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Computer technology continues to advance at a rapid pace. Progress in materials engineering and manufacturing techniques enables ever-faster and more powerful central processing units, graphics processing units, and memory. But this added power creates a challenge for data centers: dealing with the heat discharged from the computers.
Current data centers have information technology equipment cabinets with power demands that far exceed those in the legacy data center; some cabinets top 100 kW (particularly in supercomputer applications). It is not feasible to use traditional cooling techniques for these applications. Historically one of the most effective ways of cooling high-power computers is by using liquid cooling.
Liquid cooling for computers is not new. In fact, it has been around for decades, used in applications such as oil-cooled transformers. In the 1960s a major business computer manufacturer filed for a patent for immersion cooling for electronic components. In the 80s and 90s high-performance computer manufacturers were using immersion cooling for their computers. In these instances, immersion cooling is used mainly to mitigate the intense heat generated by the computers, not necessarily for reducing energy consumption. As is the case with other introductions of a new technology, as more liquid-cooled computer installations come on line and demonstrate successful operation, the concerns about operational reliability should dissipate.
Informally, liquid cooling in data centers is a term that has come to mean any type of cooling that uses a liquid (water, refrigerant, non-conductive liquids) to cool computers, and is typically closely or directly coupled to the computers. Let’s consider three types of systems: hybrid air and water cooling, conductive liquid cooling, and immersive liquid cooling.
Hybrid air and water cooling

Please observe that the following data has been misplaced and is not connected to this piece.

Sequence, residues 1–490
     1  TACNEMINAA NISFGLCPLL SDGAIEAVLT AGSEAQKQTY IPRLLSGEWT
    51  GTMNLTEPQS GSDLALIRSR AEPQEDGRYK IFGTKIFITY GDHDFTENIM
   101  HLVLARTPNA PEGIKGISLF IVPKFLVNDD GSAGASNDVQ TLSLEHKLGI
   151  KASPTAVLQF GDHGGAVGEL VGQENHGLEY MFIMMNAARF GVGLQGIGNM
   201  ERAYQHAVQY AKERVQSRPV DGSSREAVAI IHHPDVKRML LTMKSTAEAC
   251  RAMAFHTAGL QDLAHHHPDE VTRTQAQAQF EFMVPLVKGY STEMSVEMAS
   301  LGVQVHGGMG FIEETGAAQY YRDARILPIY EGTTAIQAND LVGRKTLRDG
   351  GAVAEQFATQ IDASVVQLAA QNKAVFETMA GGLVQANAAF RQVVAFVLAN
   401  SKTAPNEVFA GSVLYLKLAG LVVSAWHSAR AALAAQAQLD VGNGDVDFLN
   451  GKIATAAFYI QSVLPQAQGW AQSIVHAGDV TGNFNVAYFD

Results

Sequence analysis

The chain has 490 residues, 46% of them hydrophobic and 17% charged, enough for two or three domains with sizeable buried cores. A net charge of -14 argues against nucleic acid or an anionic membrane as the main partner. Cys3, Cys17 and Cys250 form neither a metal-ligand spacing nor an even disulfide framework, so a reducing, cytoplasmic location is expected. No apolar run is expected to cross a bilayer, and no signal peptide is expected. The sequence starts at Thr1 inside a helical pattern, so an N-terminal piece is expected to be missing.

Large data centers will contain hundreds or even thousands of compute and storage servers. These servers are housed in cabinets which also have room for cable management and allow for air movement to keep the electronics cool. There are also special types of cabinets that actively cool the computer equipment using a close-coupled hybrid air and water cooling arrangement. In this situation the cooling air for the servers comes from the cabinet itself, greatly enhancing air management, reducing unwanted recirculation, and providing uniform temperatures at the inlet of the servers. There are different design approaches for hybrid air and water cooling; each will lead to different outcomes. Options include:
• Fan-coil units can be integral to the cabinet with fans and cooling coils connected to the facility cooling system. In this arrangement there is a one-to-one correspondence between the cabinet and fan-coil unit.
• The fan-coil units can also be located in a row of cabinets, providing cooling for more than one cabinet. This arrangement can only be considered close-coupled if there is an enclosed plenum connecting all of the fan-coil units and the cabinets.
• A rear-door heat exchanger is comprised of cooling coils (with or without fans) mounted to the rear door of the cabinet. The cooling coils can be water- or refrigerant-based. The primary purpose of this type of close-coupled liquid cooling is to temper the discharge air from the servers and return the air back to the data center at a room neutral temperature.
While these arrangements are different in their design, operation, and intended outcomes, they all have common advantages: improving the uniformity of the cool air distribution to the computers. Uniformity in the air distribution minimizes hot air recirculation, reduces air handling unit fan energy use, and supports higher power server installations. As great as these solutions are, they are reaching the limit of their capabilities; incredible advances in technology require an equally impressive solution to ensure the thermal stability of the computers. This is where liquid cooling comes in.
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